The following are mythical cat breeds, hoaxes, and outright frauds that continue to provoke heated debates on the World Wide Web.
Mythical Cat Breeds
Cabbit or Rabbit Cat
Despite their persistence in popular folklore, there is absolutely no verified DNA evidence that Cabbits, or cat-rabbit hybrids, exist. Cats mistaken for cabbits are in most cases actually Manx cats, which have slightly longer hind legs and stub tails.
Other bobtailed breeds have also been mistaken for cabbits, as have “twisty cats.” Twisty cats suffer from a condition called radial hypoplasia, causing twisted, shortened forelegs and a tendency to hop rather than walk normally. Munchkin cats, which have very short legs, may be mistaken for cabbits as well.
There is no such breed as the squitten. Cats that suffer from the radial hypoplasia mutation are often called squittens or squirrel cats or kangaroo cats because they tend to sit up right rather than standing on all fours due to the strain that a normal stance places on their spines.
Egyptian Hairless Cat/Chinese Hairless Cat
The Egyptian Hairless cat is a fake hypoallergenic breed that was introduced on the TV show Friends and was subsequently listed as a real breed on a number of websites. The Chinese Hairless cat, supposedly the descendant of a long-ago liaison between a cat and a small hairless dog, also does not exist.
The Minx is not a real breed, but rather a term that has been used to describe a miniature or dwarf Manx.
Legend cats are supposedly the offspring of domestic cats and bobcats, and many breeders claim that their wild-domestic hybrids have bobcat ancestry. However, DNA tests of Pixie-Bobs, American Bobtails, and Desert Lynx breeds have shown no bobcat genetic markers.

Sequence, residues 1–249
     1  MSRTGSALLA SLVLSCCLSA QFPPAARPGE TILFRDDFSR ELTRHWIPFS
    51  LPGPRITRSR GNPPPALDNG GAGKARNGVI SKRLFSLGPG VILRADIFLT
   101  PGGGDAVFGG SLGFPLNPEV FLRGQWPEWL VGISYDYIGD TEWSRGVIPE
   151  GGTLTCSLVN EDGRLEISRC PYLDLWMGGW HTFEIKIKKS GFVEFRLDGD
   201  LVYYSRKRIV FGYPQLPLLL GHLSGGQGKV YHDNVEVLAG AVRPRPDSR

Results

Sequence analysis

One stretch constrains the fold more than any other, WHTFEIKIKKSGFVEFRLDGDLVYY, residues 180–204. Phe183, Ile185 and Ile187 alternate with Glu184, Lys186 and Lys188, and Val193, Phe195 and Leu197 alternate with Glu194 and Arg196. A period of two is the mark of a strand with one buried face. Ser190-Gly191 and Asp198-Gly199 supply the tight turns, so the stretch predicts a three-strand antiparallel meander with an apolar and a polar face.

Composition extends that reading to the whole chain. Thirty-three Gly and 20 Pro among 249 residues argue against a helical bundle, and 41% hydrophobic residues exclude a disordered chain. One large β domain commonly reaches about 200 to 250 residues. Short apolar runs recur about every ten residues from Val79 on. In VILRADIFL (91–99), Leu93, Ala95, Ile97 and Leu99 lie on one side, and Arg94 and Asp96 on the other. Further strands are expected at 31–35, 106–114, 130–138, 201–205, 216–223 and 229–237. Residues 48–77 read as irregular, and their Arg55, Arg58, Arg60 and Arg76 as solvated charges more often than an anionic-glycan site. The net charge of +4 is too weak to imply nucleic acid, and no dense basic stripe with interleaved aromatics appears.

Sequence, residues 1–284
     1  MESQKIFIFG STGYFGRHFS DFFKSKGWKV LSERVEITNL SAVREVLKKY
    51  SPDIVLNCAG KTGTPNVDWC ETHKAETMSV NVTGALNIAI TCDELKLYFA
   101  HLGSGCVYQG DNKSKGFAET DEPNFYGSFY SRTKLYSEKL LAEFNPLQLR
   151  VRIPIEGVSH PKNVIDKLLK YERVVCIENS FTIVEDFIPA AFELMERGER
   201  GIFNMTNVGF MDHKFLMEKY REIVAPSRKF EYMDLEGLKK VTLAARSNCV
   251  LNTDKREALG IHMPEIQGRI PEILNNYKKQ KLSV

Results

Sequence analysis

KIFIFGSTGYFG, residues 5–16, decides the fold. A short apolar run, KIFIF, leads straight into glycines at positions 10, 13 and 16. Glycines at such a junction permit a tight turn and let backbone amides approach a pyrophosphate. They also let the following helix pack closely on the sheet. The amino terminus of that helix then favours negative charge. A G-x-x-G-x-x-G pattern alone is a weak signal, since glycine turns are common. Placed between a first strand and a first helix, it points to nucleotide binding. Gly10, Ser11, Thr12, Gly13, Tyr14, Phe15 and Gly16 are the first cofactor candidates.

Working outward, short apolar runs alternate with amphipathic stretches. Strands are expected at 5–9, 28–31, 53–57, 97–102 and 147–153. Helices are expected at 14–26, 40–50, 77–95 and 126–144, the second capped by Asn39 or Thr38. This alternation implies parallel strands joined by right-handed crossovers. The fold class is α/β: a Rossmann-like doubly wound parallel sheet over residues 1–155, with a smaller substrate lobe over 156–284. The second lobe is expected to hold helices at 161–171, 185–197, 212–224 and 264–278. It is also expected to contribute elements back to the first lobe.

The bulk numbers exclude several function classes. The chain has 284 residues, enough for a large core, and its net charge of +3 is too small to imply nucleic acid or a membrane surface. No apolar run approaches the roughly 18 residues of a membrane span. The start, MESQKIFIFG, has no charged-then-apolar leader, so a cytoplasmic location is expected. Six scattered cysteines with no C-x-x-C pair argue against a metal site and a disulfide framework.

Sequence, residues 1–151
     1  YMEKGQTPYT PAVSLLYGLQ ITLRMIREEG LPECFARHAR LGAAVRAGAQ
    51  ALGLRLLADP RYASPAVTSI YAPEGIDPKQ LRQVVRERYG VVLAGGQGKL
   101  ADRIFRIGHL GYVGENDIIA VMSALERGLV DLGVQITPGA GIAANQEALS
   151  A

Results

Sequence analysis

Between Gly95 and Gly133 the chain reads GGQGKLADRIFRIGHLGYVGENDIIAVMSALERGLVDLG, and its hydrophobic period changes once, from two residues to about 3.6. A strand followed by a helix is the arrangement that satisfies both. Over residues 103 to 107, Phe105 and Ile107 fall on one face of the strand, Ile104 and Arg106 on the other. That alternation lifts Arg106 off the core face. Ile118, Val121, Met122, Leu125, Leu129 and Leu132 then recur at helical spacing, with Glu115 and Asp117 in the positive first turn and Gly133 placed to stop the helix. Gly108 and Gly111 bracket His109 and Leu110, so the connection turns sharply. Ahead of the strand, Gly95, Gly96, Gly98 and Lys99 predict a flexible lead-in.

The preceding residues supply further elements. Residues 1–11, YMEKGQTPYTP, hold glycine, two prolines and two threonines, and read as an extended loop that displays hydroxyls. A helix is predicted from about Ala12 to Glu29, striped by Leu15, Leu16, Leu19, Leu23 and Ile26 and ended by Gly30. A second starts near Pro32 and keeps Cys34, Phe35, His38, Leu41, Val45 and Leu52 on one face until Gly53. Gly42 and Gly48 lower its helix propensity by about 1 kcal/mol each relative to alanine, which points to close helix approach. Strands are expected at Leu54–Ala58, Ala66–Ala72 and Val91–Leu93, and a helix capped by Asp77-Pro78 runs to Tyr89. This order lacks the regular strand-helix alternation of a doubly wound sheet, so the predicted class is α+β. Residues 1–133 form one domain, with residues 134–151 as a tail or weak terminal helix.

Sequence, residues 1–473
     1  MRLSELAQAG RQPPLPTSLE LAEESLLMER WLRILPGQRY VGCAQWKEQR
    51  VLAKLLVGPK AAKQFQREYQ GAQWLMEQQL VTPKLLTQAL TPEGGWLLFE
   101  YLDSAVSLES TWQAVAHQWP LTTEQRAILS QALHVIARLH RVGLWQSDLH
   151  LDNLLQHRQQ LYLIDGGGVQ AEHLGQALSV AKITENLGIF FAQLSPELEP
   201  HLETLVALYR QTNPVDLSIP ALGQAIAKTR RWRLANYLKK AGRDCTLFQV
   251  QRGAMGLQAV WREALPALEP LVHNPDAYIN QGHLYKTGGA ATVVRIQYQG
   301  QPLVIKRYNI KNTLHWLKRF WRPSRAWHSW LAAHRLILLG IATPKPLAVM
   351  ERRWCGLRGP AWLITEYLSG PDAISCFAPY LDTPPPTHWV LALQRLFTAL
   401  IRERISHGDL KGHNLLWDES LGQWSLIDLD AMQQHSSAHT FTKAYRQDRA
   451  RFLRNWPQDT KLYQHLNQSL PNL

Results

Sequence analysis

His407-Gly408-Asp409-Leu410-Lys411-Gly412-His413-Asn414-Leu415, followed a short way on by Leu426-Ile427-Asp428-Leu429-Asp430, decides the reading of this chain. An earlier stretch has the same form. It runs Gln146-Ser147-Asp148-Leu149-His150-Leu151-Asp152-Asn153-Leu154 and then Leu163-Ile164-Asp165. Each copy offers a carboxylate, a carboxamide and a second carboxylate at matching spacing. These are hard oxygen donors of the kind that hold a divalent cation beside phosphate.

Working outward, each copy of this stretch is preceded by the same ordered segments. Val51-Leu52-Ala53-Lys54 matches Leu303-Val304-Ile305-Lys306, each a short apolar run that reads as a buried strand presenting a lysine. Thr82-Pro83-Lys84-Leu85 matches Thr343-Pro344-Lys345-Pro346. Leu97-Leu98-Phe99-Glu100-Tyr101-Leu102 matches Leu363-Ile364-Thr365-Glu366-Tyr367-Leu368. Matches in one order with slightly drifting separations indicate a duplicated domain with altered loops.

Cat-Related Jokes and Hoaxes
Mutant 87-Pound Cat
A man named Cordell Hauglie manipulated a photo of himself holding his cat Jumper, making the cat appear enormous to amuse his daughter and friends. The picture of Hauglie and Jumper somehow found its way onto the Web where someone created the myth of Rodger Degagne and his gigantic cat Snowball. Snowball’s “mutation” was supposedly the result of radiation exposure.
A hoax website that claimed to be selling kittens raised in small jars with breathing tubes inspired the wrath of animal lovers, most of whom believed the “products” to be real. Many people worldwide don’t know that the site has been exposed as a sick joke, and there is still an active e-mail campaign to have the production of bonsai kittens shut down.
A book called Why Paint Cats: The Ethics of Feline Aesthetics by Burton Silver and Heather Busch featured a number of elaborately “painted” cats that were soon making their rounds on the Internet. The images sparked amusement and criticism from those who didn’t realize that the book was a spoof and that the pictures had been digitally manipulated.
Silver and Busch’s previous works include Why Cats Paint: The Theory of Feline Aesthetics and Dancing with Cats. The books juxtapose satire of pretentious art and dance lingo with hilarious photos of decorated felines and people engaging in bizarre dances with their pets.
The Irish Shortear, a supposed Scottish Fold-Burmilla cross, was an invented breed that appeared in the book, Why Paint Cats.
The Longhaired version of the hairless Sphynx cat does not exist. This “breed” originated as an April Fool’s joke.
Fraudulent Cat Breeds
The Hypoallergenic Ashera
The Hypoallergenic Ashera, a creation of entrepreneur Simon Brodie, was marketed as a wild hybrid that included bloodlines of the African Serval, Asian Leopard, and domestic cat. However, several Asheras that were seized at a Netherlands airport and subjected to DNA testing proved to be Savannahs (a recognized hybrid Serval-domestic breed) that the company was selling at inflated prices. Brodie has since changed his name to Simon Carradan and established a ski business in Montana.
American Mystery Cat
The so-called American Mystery cat was the result of a backyard breeder trying to sell black domestic cats at inflated prices. An investigation by Sarah Hartwell found that the pictures used on the breeder’s website were all either altered in Photoshop or mislabelled photos taken from other websites.
- Sarah Hartwell: MessyBeast Cat Resource Archive
- Barbara and David P. Mikkelson: Snopes Urban Legend Reference Pages